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US-Australia

The US-Australia Free Trade Agreement (or AUSFTA) was signed on 18 May 2004 and came into effect on 1 January 2005. It’s a comprehensive agreement, with chapters on: Market access for goods, agriculture, pharmaceuticals, cross-border services, financial services, electronic commerce, investment, intellectual property rights, government procurement, competition policy, labour, environment and dispute settlement.

Throughout the negotiations, the contents of the agreement were problematic for different sectors on both sides of the Pacific. US farmers managed to keep sugar out of the deal, but would face new competition from Australian dairy imports. Social opposition to the agreement ran high in Australia, the major concern being access to affordable medicine. The FTA commits Australia to provide stronger patent monopolies to US drug companies, directly compromising Australia’s Pharmaceuticals Benefits Scheme (PBS).

The FTA became a key electoral issue in Australia in late 2004. However, Prime Minister Howard was re-elected and came to a final accord with the Bush administration on the drugs chapter by the end of the year, thereby assuring the agreement’s entry into force at the start of 2005.

One year into the FTA, debate broke out in Australia over the impacts. In the first year, US exports to Australia had shot up while Australia’s exports to the US had shot down. Further, US drug companies were not happy with the limited safeguards left to protect Australia’s PBS and started moving to have them scrapped.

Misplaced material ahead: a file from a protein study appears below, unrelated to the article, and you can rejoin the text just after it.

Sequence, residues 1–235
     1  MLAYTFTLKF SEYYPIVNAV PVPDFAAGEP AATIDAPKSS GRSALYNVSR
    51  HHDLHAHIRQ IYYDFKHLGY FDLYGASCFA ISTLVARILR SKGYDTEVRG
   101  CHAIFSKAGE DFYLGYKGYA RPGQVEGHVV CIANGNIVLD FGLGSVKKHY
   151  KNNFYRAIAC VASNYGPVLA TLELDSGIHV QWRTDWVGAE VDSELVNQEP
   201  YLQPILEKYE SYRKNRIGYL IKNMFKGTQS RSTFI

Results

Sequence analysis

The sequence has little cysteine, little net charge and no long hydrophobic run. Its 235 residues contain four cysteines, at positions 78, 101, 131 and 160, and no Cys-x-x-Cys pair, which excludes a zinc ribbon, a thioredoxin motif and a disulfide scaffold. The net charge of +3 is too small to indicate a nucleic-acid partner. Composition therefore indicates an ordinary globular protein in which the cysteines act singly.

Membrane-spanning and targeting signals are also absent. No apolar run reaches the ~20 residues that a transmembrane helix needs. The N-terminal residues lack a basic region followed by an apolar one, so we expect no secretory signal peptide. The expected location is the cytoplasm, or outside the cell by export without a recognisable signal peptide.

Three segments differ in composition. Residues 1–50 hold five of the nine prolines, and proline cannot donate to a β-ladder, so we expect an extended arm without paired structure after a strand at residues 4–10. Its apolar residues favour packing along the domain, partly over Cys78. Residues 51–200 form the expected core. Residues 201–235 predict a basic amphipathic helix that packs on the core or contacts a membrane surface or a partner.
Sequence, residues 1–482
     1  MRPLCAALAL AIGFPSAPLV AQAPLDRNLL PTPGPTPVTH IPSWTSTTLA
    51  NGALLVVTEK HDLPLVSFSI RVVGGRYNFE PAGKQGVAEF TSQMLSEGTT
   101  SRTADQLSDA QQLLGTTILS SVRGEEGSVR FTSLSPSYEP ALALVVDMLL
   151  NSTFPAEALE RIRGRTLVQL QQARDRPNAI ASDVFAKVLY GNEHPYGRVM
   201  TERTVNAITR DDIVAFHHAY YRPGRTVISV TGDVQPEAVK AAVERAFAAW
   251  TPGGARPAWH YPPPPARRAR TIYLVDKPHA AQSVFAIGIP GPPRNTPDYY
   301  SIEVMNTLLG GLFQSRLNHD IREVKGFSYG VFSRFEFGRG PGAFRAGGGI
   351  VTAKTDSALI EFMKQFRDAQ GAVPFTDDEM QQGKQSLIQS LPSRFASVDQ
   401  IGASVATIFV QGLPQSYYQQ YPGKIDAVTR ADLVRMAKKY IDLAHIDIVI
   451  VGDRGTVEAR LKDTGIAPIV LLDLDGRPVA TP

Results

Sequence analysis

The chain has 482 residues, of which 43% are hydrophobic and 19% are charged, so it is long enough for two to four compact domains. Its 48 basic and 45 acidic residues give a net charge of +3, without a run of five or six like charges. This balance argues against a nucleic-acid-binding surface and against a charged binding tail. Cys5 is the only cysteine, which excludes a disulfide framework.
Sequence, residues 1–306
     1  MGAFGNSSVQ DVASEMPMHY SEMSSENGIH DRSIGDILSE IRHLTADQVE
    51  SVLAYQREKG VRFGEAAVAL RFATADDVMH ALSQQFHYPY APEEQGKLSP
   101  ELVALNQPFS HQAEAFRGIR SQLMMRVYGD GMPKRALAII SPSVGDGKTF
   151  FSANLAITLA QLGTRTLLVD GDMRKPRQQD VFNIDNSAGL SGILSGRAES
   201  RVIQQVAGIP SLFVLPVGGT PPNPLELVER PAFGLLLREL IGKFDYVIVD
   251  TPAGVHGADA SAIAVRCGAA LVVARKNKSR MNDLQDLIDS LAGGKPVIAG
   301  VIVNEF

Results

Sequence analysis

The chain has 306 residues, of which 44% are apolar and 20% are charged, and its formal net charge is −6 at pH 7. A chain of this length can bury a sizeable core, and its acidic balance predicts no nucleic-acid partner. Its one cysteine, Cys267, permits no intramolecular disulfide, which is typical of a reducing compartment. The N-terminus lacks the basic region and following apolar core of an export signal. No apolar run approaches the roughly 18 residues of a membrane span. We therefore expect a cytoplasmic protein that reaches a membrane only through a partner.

In 2007, Australia registered a $13.6 billion trade deficit with the US, its largest ever with any trading partner. The National Institute of Economic and Industry Research estimates that the US-Australia FTA could cost the Australian economy up to $50 billion and 200,000 jobs.

last update: May 2012


Drug companies pressure Govt to review FTA
The debate over the cost of medicines in Australia took a new twist today, with Acting Prime Minister Mark Vaile declaring the Government will have a second look at provisions within the Free Trade Agreement with the United States. They’re provisions that were specifically designed to keep the cost of pharmaceuticals down.
NFF backs FTA despite export figures
The National Farmers Federation (NFF) is still backing the Australia-US free trade agreement, despite poor terms of trade in its first year of operation.
FTA change will push drug prices up: ALP
The Federal Opposition is warning the cost of medicines will rise if a Labor amendment designed to protect Australian drug prices in the US Free Trade Agreement (FTA) is removed.
Australia pressured over US FTA: Crowe
Oscar-winning actor Russell Crowe says the Australian government has buckled to United States pressure over free trade.
US deal may hurt stem cell research
The free trade agreement (FTA) with the US could stifle Australian stem cell research, scientists and legal experts say.
US lobbyists making money from FTA
There have already been some big winners out of Australia’s free-trade deal with the United States - American lawyers and lobbyists.
US gains in one-sided trade deal
The much-vaunted free trade agreement with the United States has become one-sided, with no financial benefit to Australia.
Free trade, the new con trick
It is two years since the US and Australia signed a so-called free trade agreement, and it is nearly 60 years since George Orwell introduced the concept of "newspeak", which describes how politicians often subvert language to make it mean the opposite of what it says.
Ambassador denies slavish approach to US
Australia’s outgoing ambassador to the United States denies Australia’s relationship with the US is subservient and a threat to the national interest.
Warning on cost of vitamins under US FTA
The cost of vitamins could rise by 8% under the Australia-United States free trade agreement, vitamin makers have warned.